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  HOME | Mexico

Mexican Mayor Says He Has No Plans to Quit Amid Casino Scandal

MONTERREY, Mexico – Monterrey Mayor Fernando Larrazabal said he planned to remain in office despite the release of videos showing his brother, Manuel Jonas, receiving cash from the representative of a casino in the northern Mexican industrial city.

“I will remain at the head of this government and I will do so as I have done up to now, telling the truth up front with a clear conscience and following the law,” the mayor said in a press conference on Saturday.

The National Action Party, or PAN, National Executive Committee called on the mayor last week to step aside so the investigation into alleged corruption involving the casinos in Monterrey could proceed.

“I am and will continue to be a member of the PAN, I love my party,” the mayor said.

Larrazabal said he was the victim of “video blackmail” by businessman Sergio Gil.

The Red casino case is being investigated “with professionalism,” the mayor said.

Manuel Jonas Larrazabal was arrested on Sept. 1 by the Nuevo Leon Attorney General’s office after several videos were posted on the Reforma newspaper’s Web site showing him receiving cash during visits to casinos.

His defense attorney said the money was payment for the sale of “cheeses and mescal (a distilled alcoholic beverage)” from the southern state of Oaxaca to people linked to casinos in Monterrey.

The mayor, who never mentioned his brother during the press conference, said he was suffering “serious consequences because of the decisions made by third persons” outside the city government.

“No licenses to operate casinos in the city of Monterrey have been issued” during the current administration, the mayor said.

Suspected members of the Los Zetas drug cartel torched the Casino Royale in Monterrey, the capital of Nuevo Leon, on Aug. 25, killing 52 gamblers and employees trapped inside.

The attack rocked the country because the death toll was the highest ever for Mexican civilians in an incident involving drug traffickers.

About 2,000 people gathered outside city hall to express their support for Larrazabal.

The PAN “regrets the decision of the mayor of Monterrey to not comply with the request made to him” by the party leadership, PAN president Gustavo Madero said.

Casino Royale owner Raul Rocha Cantu gave statement to Mexican Attorney General’s Office representatives in Florida, the Nuevo Leon state Security Council said last week.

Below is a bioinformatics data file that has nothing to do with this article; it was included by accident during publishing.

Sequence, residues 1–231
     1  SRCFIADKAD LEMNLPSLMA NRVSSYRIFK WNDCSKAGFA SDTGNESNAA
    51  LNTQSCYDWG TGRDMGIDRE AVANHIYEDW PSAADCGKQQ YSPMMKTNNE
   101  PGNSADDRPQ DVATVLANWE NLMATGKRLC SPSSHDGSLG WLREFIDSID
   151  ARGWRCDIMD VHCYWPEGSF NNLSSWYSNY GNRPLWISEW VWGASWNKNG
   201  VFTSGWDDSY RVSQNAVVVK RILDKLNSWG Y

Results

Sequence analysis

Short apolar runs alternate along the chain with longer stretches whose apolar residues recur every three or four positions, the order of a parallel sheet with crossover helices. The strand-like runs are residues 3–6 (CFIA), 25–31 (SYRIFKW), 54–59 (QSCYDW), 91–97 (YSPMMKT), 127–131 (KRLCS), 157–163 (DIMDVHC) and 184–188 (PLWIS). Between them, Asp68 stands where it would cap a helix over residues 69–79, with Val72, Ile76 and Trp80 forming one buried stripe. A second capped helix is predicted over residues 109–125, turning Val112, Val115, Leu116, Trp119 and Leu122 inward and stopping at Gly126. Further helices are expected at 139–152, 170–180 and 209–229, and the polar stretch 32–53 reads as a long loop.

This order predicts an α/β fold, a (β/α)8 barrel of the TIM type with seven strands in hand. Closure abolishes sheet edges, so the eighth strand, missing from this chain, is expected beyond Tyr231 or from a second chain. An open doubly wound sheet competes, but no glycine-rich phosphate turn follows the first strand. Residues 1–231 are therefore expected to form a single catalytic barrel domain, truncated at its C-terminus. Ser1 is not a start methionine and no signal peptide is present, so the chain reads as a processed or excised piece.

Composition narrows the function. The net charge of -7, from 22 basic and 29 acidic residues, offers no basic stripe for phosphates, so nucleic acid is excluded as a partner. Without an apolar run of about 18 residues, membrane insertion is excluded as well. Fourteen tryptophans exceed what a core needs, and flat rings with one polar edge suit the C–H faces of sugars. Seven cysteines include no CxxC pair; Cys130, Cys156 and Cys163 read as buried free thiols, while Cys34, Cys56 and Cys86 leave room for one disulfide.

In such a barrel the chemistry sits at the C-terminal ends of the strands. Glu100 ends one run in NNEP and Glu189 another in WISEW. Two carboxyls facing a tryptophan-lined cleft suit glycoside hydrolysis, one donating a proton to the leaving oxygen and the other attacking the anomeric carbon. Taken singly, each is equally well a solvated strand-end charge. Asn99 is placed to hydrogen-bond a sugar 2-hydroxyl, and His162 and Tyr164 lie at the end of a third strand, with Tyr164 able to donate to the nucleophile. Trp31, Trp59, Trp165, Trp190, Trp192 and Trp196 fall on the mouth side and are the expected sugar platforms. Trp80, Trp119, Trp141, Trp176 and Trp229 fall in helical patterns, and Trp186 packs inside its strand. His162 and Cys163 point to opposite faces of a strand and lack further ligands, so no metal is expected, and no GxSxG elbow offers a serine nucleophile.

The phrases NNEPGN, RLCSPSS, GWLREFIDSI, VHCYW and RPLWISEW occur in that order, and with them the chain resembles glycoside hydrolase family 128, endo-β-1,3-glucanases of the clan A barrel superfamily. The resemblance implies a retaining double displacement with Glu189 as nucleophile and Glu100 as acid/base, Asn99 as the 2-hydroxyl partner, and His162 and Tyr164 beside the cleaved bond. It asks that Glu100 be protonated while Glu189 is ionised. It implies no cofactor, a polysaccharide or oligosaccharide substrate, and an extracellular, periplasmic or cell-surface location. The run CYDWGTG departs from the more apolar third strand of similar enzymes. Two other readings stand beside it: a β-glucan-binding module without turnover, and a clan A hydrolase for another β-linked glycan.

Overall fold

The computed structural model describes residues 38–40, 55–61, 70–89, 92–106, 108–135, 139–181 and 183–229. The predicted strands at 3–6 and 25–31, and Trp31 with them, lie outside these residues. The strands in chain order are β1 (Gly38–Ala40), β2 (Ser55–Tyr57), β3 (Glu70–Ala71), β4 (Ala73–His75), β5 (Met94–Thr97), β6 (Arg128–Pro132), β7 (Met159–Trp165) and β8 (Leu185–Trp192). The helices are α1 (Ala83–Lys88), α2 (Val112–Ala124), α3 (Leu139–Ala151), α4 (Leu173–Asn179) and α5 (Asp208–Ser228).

Rocha sent a letter last week to the El Norte newspaper in which he said he fled the country because he feared the criminals who attacked his business.

“I am willing to provide my statement when the authorities can guarantee that my life is not in danger,” Rocha told El Norte.

Six suspects have been arrested in connection with the massacre at the Casino Royale and officials say another six perpetrators remain at large, in addition to the people who masterminded the attack.

Five of the suspected Zetas in custody told investigators they did not plan to kill anyone and only wanted to intimidate the establishment’s owner into paying.

The suspects said they were scolded by their bosses for killing so many people at the casino, which was the target of an extortion racket common in several parts of Mexico, officials said.

Owners of some Nuevo Leon casinos have complained that they are extorted by organized crime elements and also by the authorities, who threaten to shutter their establishments if payments are not made.

Rewards are being offered for 18 individuals known only by their aliases who are being sought in connection with the torching of the casino, the federal AG’s office said last Wednesday.

The rewards for the suspects go up to 15 million pesos ($1.2 million) each, the AG’s office said.

The man suspected of organizing the attack has been identified only as “El Mata Perros” (The Dog Killer) or “Comandante Mata Perros” (Commander Dog Killer), federal prosecutor Jose Cuitlahuac Salinas said.
 

 

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